How to write a gtk-fortran application that can be used with or without GUI

I have created a new repository:

These gtk-fortran applications demonstrate how you can write an application that can work both with a GTK 4 graphical user interface (GUI) and as a simple command line executable. You can therefore enjoy your graphical application on your machine, and launch it on a machine where gtk-fortran is not installed, or launch it on a distant machine via an ssh connection. You may also want to run a long computation without its GUI to reach full speed, as there can be some performance impediment when you draw heavily on screen.

These examples are under MIT license (contrarily to the gtk-fortran repository which is under GPL), so you can begin working on your own gtk-fortran application without worrying about license problems. You can pick an app and adapt it to your own needs.

You will find two applications:

  • my_fast_app is computing and drawing a Lorenz attractor, in less than one second.
  • my_long_app is drawing a Buddhabrot in a few minutes. You need to manage the GUI main loop to keep it reactive.

More information in the file of the project.

The screenshots can be seen here: Tutorial 3 · vmagnin/gtk-fortran Wiki · GitHub


Note that it is not a fpm project. I think it should be possible to use fpm using some tricks like a script renaming files or directories before launching fpm.

But the main problem I encounter is I failed to use commands like:

$ fpm --flag '$(pkg-config --cflags --libs gtk-4-fortran)' build

I tried also with " " and without ' '.

Updated: fpm 0.2.0 can not manage that, but the feature is ready for a future version. See Failed to build a simple gtk-fortran example: how to link with gtk-4-fortran? · Issue #487 · fortran-lang/fpm · GitHub


Thanks! We should figure out how to use it as an fpm project. Does this work on a macOS also?

Regarding the license, I didn’t realize that GTK is under GPL (COPYING · master · GNOME / gtk · GitLab), if that is so, then I think since we are dynamically linking against the .so libraries, the main program also has to be GPL licensed. However this page suggests that the core C library uses LGPL: List of language bindings for GTK - Wikipedia, which allows to the wrappers to be licensed even under MIT, such as the Julia GTK wrappers. It would be nice to clarify this.

1 Like

There are instructions to install gtk-3-fortran under macOS in the wiki: Home · vmagnin/gtk-fortran Wiki · GitHub
As GTK 4 seems to now be available in homebrew (gtk4 — Homebrew Formulae), it should be possible to install gtk-4-fortran and make those new examples work under macOS.

Concerning the license, I just know that since the beginning gtk-fortran is licensed under GNU General Public License version 3, with the additional permissions described in the GCC Runtime Library Exception version 3.1, which says:

When you use GCC to compile a program, GCC may combine portions of certain GCC header files and runtime libraries with the compiled program. The purpose of this Exception is to allow compilation of non-GPL (including proprietary) programs to use, in this way, the header files and runtime libraries covered by this Exception.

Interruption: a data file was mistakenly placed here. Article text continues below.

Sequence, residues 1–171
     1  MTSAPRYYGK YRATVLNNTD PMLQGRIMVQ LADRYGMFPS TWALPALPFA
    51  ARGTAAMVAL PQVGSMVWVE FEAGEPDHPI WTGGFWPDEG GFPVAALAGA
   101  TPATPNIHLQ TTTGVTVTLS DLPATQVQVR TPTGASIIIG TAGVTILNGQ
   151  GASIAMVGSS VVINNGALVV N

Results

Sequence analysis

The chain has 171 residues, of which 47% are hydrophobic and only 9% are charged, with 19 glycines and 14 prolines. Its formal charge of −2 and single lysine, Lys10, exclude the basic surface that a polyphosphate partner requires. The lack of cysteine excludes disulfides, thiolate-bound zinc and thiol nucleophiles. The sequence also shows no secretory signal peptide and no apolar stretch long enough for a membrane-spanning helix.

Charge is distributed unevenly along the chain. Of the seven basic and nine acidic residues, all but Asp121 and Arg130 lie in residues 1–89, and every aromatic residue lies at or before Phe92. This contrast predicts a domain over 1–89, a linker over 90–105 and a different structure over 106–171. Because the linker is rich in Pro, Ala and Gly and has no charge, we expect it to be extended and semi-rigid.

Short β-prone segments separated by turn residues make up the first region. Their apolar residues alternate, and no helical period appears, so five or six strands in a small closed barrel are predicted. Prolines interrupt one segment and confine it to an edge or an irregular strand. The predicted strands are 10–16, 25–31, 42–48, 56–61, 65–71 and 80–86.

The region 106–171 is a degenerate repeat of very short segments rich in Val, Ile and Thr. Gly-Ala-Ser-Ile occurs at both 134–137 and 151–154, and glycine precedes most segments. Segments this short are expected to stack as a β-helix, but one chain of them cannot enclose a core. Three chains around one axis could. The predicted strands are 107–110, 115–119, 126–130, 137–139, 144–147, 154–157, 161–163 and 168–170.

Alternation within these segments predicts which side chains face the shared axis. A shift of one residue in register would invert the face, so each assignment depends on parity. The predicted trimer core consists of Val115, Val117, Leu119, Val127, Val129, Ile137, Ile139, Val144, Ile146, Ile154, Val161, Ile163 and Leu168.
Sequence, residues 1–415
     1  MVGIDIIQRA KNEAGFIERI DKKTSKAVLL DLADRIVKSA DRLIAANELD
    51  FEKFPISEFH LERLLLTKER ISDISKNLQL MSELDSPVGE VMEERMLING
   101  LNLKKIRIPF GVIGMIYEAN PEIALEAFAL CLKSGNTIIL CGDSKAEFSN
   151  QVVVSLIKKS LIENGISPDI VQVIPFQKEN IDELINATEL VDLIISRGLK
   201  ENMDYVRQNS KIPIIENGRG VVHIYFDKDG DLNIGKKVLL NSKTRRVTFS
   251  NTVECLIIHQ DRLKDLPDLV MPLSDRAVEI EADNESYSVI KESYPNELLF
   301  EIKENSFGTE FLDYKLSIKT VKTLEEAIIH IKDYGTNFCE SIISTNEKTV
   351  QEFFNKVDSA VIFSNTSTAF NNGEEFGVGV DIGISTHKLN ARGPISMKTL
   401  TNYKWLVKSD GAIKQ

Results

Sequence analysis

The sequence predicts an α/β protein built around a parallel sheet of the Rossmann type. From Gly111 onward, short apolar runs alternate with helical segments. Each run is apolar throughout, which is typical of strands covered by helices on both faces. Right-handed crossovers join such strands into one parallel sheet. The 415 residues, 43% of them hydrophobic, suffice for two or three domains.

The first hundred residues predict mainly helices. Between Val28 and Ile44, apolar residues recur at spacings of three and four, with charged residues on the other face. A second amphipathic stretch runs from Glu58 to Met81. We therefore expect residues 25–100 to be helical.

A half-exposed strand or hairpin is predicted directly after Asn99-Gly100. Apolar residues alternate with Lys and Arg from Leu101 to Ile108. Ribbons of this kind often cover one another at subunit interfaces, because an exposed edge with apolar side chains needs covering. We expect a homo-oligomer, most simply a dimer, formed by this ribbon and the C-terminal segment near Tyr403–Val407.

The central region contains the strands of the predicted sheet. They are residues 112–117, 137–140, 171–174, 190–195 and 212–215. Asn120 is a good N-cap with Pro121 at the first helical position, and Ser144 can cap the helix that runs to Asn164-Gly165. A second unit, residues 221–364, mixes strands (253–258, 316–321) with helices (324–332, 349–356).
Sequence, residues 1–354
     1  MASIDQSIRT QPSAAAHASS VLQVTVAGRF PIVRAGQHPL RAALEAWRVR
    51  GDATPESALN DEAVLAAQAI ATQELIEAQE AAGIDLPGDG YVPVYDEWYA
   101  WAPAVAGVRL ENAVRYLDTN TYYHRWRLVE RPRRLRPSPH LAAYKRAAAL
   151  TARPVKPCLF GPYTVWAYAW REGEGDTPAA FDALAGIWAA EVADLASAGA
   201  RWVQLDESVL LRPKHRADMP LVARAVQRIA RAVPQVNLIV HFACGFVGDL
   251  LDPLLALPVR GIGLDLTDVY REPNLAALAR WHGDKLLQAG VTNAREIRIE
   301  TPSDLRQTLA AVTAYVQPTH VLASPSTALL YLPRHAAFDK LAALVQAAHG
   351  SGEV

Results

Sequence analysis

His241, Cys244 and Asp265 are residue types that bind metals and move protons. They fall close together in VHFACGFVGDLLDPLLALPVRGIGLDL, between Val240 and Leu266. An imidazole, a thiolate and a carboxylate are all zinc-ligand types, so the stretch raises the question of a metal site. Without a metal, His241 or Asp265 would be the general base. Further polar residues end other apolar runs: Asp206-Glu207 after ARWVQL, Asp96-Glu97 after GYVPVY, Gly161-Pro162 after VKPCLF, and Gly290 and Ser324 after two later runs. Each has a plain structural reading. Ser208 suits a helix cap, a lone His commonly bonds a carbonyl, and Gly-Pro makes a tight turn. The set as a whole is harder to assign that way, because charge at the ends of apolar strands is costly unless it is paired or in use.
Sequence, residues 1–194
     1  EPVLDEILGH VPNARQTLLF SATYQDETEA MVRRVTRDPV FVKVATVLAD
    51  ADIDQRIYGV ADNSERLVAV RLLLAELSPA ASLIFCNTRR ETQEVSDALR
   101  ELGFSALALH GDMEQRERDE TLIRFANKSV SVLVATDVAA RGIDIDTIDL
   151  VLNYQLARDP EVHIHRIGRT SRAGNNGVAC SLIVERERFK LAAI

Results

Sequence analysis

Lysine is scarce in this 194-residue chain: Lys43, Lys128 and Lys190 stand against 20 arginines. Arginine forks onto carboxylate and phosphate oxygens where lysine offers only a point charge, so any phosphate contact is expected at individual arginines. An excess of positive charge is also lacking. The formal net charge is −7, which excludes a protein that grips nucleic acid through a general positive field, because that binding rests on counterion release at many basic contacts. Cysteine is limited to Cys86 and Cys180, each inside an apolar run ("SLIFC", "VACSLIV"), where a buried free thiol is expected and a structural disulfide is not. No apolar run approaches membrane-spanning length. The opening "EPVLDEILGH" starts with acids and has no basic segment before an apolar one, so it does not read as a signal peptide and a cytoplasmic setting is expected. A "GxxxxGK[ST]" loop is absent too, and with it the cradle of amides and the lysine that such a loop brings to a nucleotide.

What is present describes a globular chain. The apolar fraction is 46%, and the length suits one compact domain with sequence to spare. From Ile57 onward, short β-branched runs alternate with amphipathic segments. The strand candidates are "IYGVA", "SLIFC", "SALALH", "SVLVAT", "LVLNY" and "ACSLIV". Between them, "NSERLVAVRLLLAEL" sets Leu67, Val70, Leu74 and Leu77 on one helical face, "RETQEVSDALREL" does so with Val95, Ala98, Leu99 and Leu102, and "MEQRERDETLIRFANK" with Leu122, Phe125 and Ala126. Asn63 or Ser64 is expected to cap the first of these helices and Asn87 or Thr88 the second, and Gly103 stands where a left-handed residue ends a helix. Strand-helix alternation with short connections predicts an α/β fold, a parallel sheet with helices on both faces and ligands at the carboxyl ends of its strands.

But I am not sure it is related to what you say about “dynamically linking against the .so libraries”. My brain is lost amongst technique, law and English… :face_with_thermometer:

1 Like

I think the exception that you mentioned covers this. It allows you to license your main program differently and still use GTK.

1 Like

When looking at the current LICENSE file in the gtk-fortran GitHub repository, there is a copy of GPL 3, but no reference to the GCC Runtime Library Exception.
So if I understand the LICENSE file provided with the GTK-Fortran sourcecode correctly, a program that uses GTK Fortran has to be provided to third parties with the GPL3 or a compatible license. This means, for example, that the entire code of the program has to be open source and free (as in speech, not in beer) software.

Is this assumption correct? Of course the developers of GTK Fortran are completely free to chose the license for their work and I do not really have an opinion about to what extent there should be exceptions from the GPL.
I just wanted to know if and to what extent the exception is still valid.
I am currently not planning to publish a Fortran GUI project, so I am not directly affected but I think such a clarification would be interesting for people considering the use of GTK Fortran in their projects.

1 Like

Thanks @Jweber for pointing this problem. The GCC Runtime Library Exception was chosen with the GPLv3 since the beginning of the project in 2011 (see for example Issue #24). And it is written in the header of the source files.

I will look how to fix the omission with @JerryD. I don’t know if we should copy the GCC Runtime Library Exception text into the LICENSE file, or if we should add a second file with that text.

(and I don’t think GitHub can handle that in its metada)

1 Like

That Wikipedia page helps understanding:

The Free Software Foundation states that, without applying the linking exception, a program linked to GPL library code may only be distributed under a GPL-compatible license.

1 Like

I have added a LICENSE_EXCEPTION file in the repository. The header of the source files were citing that exception and redirecting the users to Licenses - GNU Project - Free Software Foundation but it is a better practice to put the text of the license with the code, as demonstrated by your question.

I will still have to clarify the license in the conda-forge recipe.

Thanks again.

1 Like

Thanks a lot for the clarification!

I really think that for people/groups contemplating the use of a library for projects that are not purely internal, unambiguous license conditions can be quite important.

1 Like